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Side stream emissions from ‘heated tobacco’ products similar to secondhand cigarette smoke

Posted By News On October 19, 2015 – 3:00pm

London, 19th October 2015 – A new study published in the Journal of Environmental Analytical Chemistry today found that, despite claims made by some manufacturers, next generation ‘heated’ tobacco devices produce side-stream emissions similar to secondhand cigarette smoke.

The study, conducted by Imperial Tobacco, owner of market leading e-cigarette brand blu, tested a commercially available heated tobacco product called iQOS to assess whether the product generated side stream chemical emissions when activated.

“A number of tobacco manufacturers are promoting products where the tobacco is reportedly ‘heated’ rather than burned. It has been claimed these products don’t produce side stream emissions,” explained Dr. Steve Stotesbury, Head of Scientific Regulatory Engagement, Imperial Tobacco. “However, our findings suggest those claims are wrong and that actually, when activated, heated tobacco products release a large number of different chemical compounds into the surrounding airspace. Further research on heated tobacco products is clearly needed”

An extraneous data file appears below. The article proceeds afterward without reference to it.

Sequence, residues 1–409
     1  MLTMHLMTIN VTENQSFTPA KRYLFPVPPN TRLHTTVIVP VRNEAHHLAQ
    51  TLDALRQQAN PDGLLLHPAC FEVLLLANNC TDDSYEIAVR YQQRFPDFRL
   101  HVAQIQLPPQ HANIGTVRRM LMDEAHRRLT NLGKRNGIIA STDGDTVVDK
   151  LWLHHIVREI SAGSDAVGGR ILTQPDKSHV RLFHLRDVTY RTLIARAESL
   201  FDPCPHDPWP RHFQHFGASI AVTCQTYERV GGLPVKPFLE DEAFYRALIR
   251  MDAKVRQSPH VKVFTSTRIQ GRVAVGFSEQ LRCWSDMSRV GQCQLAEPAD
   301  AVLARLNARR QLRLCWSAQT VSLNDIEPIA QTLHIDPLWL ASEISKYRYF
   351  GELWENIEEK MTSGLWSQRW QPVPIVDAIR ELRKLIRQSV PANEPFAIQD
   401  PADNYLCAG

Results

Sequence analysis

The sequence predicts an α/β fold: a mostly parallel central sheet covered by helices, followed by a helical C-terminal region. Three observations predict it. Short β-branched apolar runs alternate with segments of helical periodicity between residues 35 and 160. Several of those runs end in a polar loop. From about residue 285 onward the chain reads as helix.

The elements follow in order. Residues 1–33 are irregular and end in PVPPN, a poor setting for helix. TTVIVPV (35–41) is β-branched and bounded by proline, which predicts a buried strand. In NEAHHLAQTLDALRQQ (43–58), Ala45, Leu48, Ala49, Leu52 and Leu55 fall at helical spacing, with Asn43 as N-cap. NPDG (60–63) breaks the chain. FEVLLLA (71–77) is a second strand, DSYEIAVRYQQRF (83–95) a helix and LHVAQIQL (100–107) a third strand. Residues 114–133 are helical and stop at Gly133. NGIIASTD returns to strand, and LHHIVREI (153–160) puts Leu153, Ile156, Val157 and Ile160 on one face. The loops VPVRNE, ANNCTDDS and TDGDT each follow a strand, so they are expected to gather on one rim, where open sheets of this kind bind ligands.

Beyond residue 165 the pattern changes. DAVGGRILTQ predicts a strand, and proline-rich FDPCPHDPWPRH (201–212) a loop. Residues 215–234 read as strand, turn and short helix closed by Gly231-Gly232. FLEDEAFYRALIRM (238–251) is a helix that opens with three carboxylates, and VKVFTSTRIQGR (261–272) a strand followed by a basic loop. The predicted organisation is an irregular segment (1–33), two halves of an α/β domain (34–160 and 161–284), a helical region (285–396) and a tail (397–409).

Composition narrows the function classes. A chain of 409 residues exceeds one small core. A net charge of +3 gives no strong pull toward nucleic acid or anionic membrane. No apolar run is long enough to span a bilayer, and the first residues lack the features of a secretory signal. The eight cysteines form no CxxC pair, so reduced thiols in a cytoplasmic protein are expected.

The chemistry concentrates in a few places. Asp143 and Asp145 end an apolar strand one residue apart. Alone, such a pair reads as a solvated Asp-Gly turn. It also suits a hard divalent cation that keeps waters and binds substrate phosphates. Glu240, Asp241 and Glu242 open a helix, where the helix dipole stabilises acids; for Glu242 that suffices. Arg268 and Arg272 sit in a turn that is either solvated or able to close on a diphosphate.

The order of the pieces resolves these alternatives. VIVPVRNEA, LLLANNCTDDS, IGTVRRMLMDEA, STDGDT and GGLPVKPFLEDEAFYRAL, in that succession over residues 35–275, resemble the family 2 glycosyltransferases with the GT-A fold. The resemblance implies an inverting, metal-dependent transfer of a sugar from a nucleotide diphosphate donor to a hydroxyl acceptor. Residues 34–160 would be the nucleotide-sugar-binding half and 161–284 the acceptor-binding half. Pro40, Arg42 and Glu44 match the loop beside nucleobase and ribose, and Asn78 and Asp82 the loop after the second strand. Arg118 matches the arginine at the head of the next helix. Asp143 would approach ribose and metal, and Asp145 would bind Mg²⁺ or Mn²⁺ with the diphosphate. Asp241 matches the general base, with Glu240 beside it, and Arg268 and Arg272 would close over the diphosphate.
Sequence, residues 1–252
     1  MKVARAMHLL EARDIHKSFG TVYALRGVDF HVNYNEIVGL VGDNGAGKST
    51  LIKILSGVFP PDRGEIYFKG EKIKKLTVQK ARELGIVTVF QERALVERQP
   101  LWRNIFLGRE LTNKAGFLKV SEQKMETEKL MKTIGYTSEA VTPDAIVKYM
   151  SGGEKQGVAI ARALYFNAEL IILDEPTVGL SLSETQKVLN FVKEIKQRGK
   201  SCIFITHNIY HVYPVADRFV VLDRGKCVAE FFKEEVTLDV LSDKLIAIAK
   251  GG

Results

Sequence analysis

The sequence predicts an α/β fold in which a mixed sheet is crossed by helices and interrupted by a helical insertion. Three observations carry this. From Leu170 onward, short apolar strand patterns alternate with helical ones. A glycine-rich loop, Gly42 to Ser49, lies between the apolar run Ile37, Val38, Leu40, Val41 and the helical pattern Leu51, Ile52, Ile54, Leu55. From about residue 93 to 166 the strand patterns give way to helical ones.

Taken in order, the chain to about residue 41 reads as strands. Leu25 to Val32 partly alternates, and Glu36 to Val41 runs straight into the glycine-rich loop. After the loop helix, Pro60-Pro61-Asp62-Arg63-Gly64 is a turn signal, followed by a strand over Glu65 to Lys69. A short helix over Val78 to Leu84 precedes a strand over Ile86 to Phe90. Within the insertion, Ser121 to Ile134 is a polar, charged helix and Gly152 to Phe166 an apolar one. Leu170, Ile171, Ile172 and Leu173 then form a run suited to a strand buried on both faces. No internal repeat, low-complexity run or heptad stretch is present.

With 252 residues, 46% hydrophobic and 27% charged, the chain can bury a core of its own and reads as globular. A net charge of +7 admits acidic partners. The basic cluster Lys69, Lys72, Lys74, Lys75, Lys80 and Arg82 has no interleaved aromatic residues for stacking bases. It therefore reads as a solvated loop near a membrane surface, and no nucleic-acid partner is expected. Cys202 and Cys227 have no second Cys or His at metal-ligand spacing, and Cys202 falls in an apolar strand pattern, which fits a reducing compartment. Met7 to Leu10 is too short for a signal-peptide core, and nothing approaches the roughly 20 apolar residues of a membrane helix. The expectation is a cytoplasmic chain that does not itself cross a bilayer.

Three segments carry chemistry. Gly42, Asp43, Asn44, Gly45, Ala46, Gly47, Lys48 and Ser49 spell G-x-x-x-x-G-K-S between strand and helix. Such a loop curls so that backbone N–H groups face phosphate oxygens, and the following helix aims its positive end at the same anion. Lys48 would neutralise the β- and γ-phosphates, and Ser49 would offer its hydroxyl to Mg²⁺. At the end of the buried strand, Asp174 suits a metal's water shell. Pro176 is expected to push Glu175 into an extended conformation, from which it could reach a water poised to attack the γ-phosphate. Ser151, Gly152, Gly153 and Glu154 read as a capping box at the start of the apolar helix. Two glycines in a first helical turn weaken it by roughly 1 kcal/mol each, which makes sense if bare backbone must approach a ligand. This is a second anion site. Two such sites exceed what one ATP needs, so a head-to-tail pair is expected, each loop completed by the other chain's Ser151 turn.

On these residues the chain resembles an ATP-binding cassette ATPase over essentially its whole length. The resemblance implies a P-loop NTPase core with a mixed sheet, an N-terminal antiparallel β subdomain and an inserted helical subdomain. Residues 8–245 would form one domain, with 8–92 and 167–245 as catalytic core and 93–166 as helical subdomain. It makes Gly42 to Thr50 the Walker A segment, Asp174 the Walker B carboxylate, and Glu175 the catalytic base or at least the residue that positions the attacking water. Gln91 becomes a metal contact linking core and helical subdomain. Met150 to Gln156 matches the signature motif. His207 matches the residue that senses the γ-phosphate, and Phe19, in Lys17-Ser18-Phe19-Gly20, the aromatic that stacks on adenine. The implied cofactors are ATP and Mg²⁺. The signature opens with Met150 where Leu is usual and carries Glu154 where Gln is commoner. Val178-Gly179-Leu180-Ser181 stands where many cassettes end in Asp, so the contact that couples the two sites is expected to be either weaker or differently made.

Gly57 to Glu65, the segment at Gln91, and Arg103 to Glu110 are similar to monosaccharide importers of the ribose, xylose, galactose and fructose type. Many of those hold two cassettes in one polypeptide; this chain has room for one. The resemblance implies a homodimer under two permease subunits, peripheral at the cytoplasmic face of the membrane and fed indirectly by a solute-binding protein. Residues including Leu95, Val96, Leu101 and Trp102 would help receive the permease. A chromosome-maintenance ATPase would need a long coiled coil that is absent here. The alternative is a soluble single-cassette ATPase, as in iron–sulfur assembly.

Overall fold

Heated tobacco devices are sometimes confused with e-cigarettes. However, unlike e-cigarettes, heated tobacco products actually contain blended or processed tobacco just like conventional cigarettes. Heated tobacco products are claimed to work by heating cigarettes at a lower temperature to vapourise nicotine and flavourings which are then inhaled.

“By way of comparison, we also investigated side stream emissions from a Nicorette inhalator and an e-cigarette,” said Stotesbury. “The findings highlight the fundamental differences between tobacco and non-tobacco products. While e-cigarettes and pharmaceutical nicotine inhalators share very similar chemical characteristics, the heated tobacco product emissions suggest these devices should fall under the same regulation as regular cigarettes when it comes to indoor use and smoke-free legislation.”

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